Additive Manufacturing Machines Information
3D printers fabricate three-dimensional solid objects from a digital model. 3D printers use an additive manufacturing (AM) process where successive layers of material are deposited in different shapes to form the final piece. Design instructions come from a digital file. These printers are used for prototyping and part repair or reproduction, as well as limited manufacturing applications.
3D printing (3DP) offers speedy fabrication and low material cost. In fact, 3DP is probably the fastest of all rapid prototyping methods. Recently there have been significant advances in printing resolution, product options and finishing, overall part size, and material specifications.
Stereolithography (SLA)—This was the first 3D printing method and was developed in the 1980s. A UV-curing resin is located in a reservoir with a submerged elevator platform. UV light from a DLP projector or laser traces an outline in the resin that causes it to harden. The elevator platform descends and another layer of the component is traced and cured. SLA has very high resolutions compared to other methods, though it is also slower due to curing times. Finished parts are not UV stable.
Fused filament fabrication (FFF) or fused deposition modeling (FDM)TM—This technique extrudes thermoplastic filament through a small nozzle, similar in concept to a hot glue gun. This process is done slowly to maintain uniform part thickness and accuracy. The plastic cools and cures so another layer can be built on top of it. Resolution, surface finish and many other variables can be operator controlled. Some printers have multiple nozzles for different colors or materials. Support materials may need to be constructed to ensure print structure stability, though supports can be mechanically or chemically removed.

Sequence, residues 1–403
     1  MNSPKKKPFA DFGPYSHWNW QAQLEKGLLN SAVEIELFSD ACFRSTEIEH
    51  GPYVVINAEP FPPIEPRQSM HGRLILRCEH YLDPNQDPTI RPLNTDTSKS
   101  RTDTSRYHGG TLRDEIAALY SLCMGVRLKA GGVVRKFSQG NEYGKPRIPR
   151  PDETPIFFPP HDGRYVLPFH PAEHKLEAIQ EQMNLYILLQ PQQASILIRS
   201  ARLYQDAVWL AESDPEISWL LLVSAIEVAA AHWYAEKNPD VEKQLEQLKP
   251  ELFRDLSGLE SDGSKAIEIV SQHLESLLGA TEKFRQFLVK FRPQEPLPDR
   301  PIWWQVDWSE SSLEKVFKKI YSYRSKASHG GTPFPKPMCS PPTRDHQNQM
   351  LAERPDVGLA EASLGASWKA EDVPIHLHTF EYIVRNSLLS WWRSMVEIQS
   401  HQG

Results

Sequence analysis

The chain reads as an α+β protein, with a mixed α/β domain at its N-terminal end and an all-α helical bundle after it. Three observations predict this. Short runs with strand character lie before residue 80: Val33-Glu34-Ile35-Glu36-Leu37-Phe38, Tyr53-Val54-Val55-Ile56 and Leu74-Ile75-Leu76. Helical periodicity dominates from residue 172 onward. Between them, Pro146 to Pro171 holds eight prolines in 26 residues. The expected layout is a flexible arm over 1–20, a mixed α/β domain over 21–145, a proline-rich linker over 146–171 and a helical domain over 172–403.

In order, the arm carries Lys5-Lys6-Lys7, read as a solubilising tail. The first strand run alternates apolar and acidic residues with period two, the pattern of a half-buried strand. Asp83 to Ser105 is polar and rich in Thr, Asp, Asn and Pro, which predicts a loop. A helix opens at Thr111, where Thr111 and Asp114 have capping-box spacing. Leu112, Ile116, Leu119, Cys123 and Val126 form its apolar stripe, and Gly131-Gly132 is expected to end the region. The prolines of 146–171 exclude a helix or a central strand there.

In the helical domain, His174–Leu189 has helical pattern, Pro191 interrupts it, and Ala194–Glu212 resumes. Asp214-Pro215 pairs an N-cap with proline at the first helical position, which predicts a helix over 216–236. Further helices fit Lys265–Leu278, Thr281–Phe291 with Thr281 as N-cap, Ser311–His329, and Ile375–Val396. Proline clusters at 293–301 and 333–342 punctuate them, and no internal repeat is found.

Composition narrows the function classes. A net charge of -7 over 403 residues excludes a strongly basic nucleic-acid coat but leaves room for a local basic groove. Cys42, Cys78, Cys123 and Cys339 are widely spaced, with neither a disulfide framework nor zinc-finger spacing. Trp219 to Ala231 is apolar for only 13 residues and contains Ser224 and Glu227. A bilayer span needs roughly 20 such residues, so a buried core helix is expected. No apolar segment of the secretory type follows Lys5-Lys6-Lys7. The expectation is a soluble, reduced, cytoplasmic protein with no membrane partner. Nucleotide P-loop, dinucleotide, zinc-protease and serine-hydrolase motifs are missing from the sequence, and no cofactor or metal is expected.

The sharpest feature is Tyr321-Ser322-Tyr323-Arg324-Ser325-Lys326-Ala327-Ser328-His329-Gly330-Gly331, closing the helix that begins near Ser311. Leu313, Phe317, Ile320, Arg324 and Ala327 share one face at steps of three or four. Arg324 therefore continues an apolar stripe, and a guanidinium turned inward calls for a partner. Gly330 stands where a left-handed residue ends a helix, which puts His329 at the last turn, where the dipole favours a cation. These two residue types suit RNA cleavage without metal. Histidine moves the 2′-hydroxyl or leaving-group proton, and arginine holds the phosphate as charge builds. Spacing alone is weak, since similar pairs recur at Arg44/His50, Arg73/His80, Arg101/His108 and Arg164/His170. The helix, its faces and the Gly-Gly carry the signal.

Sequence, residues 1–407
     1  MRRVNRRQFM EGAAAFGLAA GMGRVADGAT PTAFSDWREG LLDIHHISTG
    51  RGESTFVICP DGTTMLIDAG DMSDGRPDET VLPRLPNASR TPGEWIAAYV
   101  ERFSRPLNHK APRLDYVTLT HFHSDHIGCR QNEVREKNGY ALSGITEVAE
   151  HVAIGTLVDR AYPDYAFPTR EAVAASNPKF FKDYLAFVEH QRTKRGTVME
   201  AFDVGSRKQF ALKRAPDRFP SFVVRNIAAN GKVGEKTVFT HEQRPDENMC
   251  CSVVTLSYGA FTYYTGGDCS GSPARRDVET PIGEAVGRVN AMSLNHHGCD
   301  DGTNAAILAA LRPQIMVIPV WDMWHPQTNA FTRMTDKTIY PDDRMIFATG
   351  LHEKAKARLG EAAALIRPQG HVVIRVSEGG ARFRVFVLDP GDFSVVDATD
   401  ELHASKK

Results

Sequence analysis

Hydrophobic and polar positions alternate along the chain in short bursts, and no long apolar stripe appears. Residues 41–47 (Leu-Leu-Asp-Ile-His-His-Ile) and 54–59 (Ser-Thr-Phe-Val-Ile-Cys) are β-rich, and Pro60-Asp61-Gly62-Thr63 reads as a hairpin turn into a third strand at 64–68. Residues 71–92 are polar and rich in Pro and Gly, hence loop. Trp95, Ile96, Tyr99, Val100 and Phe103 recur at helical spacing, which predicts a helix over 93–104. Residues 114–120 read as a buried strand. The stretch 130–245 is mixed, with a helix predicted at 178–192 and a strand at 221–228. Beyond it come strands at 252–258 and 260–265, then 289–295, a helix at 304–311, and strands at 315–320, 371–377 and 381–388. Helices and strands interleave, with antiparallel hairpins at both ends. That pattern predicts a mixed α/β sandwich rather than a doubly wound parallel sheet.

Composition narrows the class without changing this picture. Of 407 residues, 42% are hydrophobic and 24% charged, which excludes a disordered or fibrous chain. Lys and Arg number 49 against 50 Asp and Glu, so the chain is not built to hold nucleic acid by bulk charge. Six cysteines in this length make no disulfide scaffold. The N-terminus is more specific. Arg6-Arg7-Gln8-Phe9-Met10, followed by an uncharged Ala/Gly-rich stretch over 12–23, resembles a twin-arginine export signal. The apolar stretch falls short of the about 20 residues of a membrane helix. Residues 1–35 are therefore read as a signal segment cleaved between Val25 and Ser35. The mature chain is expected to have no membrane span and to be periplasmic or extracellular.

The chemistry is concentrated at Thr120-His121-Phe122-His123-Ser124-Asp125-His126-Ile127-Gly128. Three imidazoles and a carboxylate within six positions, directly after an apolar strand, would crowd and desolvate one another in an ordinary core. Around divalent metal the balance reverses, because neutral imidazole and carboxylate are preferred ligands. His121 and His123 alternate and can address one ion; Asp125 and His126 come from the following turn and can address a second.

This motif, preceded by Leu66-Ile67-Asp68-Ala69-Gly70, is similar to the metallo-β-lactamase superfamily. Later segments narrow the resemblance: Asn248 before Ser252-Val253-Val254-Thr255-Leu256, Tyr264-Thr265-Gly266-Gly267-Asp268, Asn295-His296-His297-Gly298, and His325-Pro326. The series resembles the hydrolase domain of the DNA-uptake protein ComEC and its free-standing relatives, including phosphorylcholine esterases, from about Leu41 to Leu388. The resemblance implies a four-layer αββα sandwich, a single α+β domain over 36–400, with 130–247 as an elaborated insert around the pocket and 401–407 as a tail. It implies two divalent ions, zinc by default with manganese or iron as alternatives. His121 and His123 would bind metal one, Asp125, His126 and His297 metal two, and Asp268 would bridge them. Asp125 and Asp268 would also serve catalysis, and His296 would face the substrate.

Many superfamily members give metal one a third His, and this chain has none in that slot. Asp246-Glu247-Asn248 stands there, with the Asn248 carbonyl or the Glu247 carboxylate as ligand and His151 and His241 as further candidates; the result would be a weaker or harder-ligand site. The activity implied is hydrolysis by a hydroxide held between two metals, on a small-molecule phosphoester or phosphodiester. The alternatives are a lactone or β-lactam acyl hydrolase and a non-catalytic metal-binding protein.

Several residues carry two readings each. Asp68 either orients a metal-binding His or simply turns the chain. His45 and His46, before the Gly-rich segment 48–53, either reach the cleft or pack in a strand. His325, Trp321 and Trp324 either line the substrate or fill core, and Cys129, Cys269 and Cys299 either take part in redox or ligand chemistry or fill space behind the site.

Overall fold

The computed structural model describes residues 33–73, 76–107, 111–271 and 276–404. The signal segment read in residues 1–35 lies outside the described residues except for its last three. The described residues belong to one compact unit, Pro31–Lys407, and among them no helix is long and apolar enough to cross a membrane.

Selective laser sintering (SLS) and selective laser melting (SLM)—These two methods are similar but not the same. SLS and SLM printers both use a laser to heat a powdered print material, where a laser is precisely aimed. In the case of SLM the material is melted, in the case of SLS it is sintered. Similar to SLA, parts are cured on a descending piston; however additional powder material is added to the vat between layers from a separate reservoir. The printing material can be anything that can be melted with the laser, which is typically thermoplastics but can be metals with the correct laser. SLS and SLM printers tend to be more expensive than other 3D printers due to the technology, but often produce superior printed components. Support materials are not needed, though printing in multiple materials is not possible.
PolyjetTM—This technique (copyright of Stratasys) uses inkjet heads which deposit a UV-curing resin which is immediately cured so that a new layer can be built on top of it.
Powder bed inkjet/binder jetting—This techniques deposits thin layers of powder on a binder or adhesive to bond layers together. Additional layers of powder are applied and the inkjet bonds it to the layer below. Parts tend to be weak and require additional processing before being used.
Other variations on these printer types can also be found such as direct metal laser sintering (DMLS) and electron beam fabrication (EBF), as well as emerging technologies such as continuous liquid interface production (CLIP).